Help with phrasal verbs: break down, sign up, wash out, etc.

Hello everyone,
I’m Mario and spanish is my mother language . Maybe that’s why I don’t comprehend How English-native- speakers deal with phrasal verbs. I just repeat them by memory as a talking bird, but I don’t ‘‘feel’’ what I’m saying.
Do they just use those verbs by memorizing the meaning ? or is there any other explanation or way to create those vrbs according the preposition you use with them? What do you think?
I also need a list with the most commonn used , and their meaning.

Hi Mario,

If you go to this part of the site you will see in the index some stories I have written illustrating phrasal verbs.


Thanks a lot Alan, your writings are very helpful.Those ‘‘verbs’’ are really confusing and they are too many . Here in USA Native Speakers(NS) use Phrasal Verbs(PV) all the time. It drives me crazy. I can memorize the meaning of some PV and use them just according the meaning. But every day NS come with a new PV or, like you say, with another meaning for the same PV.
So, I wonder what is the language psicology of NS regarding PV. I would like ''to be in their shoes".
Sometimes I ask them about it and they don’t know. I don’t understand why ; I mean that I can explain what is behind everything about Spanish ( mymother language) English has some parts that are just non-sense issues to me.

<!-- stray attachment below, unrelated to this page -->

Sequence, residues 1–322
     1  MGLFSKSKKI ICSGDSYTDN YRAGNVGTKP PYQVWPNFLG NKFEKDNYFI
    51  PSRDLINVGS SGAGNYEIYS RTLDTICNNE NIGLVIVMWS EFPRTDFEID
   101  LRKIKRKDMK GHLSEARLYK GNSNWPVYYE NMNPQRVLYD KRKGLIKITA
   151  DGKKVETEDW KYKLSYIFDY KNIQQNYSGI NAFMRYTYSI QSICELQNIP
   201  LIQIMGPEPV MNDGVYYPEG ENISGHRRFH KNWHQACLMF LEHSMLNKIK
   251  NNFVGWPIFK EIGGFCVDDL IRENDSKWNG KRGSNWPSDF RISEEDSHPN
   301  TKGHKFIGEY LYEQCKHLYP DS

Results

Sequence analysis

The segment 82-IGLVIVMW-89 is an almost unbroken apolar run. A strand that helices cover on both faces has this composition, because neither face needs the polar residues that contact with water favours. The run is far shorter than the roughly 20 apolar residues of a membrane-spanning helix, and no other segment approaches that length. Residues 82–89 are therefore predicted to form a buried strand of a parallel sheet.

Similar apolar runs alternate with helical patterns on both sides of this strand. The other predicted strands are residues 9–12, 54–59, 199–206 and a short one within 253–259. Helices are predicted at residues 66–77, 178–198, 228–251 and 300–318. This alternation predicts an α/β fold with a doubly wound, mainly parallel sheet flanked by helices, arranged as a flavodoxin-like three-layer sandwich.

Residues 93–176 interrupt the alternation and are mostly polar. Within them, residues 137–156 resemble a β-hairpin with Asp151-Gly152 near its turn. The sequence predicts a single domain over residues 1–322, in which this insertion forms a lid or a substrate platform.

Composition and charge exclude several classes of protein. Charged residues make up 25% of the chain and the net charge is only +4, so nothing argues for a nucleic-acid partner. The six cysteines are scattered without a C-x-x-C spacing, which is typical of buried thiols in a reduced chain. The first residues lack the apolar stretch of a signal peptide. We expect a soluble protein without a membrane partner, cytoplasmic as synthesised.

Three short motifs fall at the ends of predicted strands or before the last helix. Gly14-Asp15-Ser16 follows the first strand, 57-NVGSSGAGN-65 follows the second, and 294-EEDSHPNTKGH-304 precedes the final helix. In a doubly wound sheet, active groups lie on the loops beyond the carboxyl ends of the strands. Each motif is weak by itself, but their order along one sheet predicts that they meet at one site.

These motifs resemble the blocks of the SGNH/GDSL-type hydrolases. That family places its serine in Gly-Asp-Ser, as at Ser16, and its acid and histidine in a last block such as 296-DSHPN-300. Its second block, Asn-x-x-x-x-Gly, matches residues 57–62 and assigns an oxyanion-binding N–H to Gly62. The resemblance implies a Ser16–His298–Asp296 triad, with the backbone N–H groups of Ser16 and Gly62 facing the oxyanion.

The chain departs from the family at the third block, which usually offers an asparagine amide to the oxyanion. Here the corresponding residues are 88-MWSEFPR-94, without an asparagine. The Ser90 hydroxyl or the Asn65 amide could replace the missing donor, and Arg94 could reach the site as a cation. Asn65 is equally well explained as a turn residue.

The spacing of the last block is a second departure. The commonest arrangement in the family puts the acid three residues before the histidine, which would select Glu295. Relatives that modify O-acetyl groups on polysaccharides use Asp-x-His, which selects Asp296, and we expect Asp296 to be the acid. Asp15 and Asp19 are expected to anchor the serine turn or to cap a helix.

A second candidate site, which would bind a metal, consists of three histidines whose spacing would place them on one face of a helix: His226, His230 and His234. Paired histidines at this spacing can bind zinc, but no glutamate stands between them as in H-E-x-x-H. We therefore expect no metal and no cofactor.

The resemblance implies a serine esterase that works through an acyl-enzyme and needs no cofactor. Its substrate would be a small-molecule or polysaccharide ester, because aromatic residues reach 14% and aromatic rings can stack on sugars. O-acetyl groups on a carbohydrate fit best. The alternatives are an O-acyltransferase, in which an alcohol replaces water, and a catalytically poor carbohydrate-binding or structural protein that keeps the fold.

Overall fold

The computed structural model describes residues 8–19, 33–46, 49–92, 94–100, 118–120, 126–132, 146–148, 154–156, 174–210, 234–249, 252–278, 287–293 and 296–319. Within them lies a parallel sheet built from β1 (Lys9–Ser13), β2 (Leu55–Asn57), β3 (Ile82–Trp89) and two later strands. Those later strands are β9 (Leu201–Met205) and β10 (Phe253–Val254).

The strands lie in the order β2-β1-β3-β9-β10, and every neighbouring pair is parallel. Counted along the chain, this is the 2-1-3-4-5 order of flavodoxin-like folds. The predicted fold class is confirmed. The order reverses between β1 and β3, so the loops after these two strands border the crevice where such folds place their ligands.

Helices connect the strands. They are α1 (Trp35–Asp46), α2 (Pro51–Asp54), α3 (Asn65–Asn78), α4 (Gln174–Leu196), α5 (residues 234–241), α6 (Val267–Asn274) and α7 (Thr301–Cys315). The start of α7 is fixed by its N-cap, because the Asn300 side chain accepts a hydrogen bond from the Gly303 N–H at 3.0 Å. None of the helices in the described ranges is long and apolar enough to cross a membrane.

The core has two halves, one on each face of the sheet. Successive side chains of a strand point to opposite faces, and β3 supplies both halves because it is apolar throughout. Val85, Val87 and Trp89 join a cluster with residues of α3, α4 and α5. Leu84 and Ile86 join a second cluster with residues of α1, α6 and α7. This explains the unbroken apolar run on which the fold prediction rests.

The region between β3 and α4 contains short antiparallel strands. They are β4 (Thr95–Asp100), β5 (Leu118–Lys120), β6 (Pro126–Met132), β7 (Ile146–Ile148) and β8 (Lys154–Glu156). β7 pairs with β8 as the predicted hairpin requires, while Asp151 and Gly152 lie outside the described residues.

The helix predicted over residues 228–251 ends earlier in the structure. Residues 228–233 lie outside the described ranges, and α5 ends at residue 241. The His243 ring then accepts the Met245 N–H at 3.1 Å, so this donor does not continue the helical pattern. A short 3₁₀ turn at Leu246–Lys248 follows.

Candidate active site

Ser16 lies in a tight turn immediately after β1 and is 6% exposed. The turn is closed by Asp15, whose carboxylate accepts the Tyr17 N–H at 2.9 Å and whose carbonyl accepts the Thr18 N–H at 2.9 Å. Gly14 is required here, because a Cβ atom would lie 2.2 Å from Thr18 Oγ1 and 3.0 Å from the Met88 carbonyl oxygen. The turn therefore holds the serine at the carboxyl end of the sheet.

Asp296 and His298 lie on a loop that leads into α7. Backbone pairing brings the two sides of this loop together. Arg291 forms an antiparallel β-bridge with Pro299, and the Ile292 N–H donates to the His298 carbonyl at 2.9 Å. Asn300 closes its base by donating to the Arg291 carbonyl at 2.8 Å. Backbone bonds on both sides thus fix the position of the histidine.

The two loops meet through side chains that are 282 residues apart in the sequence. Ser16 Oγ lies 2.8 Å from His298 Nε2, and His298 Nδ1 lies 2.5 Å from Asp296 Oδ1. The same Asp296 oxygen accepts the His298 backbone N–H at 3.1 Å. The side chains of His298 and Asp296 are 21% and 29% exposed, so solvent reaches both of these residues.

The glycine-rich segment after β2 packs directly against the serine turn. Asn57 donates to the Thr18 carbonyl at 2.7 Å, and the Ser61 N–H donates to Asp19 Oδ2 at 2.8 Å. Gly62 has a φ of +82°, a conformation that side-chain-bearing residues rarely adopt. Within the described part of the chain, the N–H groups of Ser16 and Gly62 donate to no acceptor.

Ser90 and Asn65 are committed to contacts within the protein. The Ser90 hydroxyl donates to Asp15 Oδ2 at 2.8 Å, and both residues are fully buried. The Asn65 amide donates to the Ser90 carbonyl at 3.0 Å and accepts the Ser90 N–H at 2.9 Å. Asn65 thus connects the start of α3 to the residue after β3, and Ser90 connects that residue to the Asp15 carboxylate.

What I would like to know is : may I assume the “meaning” ( or be close to the meaning) by following the prepositions that accompany the verbs in PV ? For instances: in my formula I could asssume that prepositions most of the times add the following meanings to the PV:
up = completeness, totally, involve yourself in something , or similars
down = to lower, relapse, falling, disappointment, to reduce, or similars
By= through, near to, locating you in any specific place, or similars

Could It be a way of understand PV?
I would like to hear different opinions about this issue

Hi Mario,

I understand your question, but I think you’re trying to create a ‘rule’ that will explain all uses, and that probably won’t work. I think you have to treat these a little like idioms, and just try to understand their individual meanings.

For example, I could destroy your theory by pointing out we also say ‘break up’, as in “Did you and Susie break up?” meaning to end a relationship. In this case, up doesn’t have the ‘completeness, totally, involving yourself in something’ sense that your attempt at a rule does.

Try and look at them from a more literal perspective.

To break down. If something breaks down, it stops. (Imagine something so broken that if falls down to the ground!)
To sign up=to add your name to a growing (i.e. getting bigger, increasing, going up) list.
To wash out=to wash all the stuff(dirt, etc.) INside OUTside, or to move something outside a space using (water) to move it.

In other words, concentrate of the preposition, and the location it seems to indicate.

If you’d like, perhaps you could post a few more phrasals, and attempt to ‘decipher’ them in that manner. Then we could offer comments to you whether you’re on the right track or not.

Hope that helps.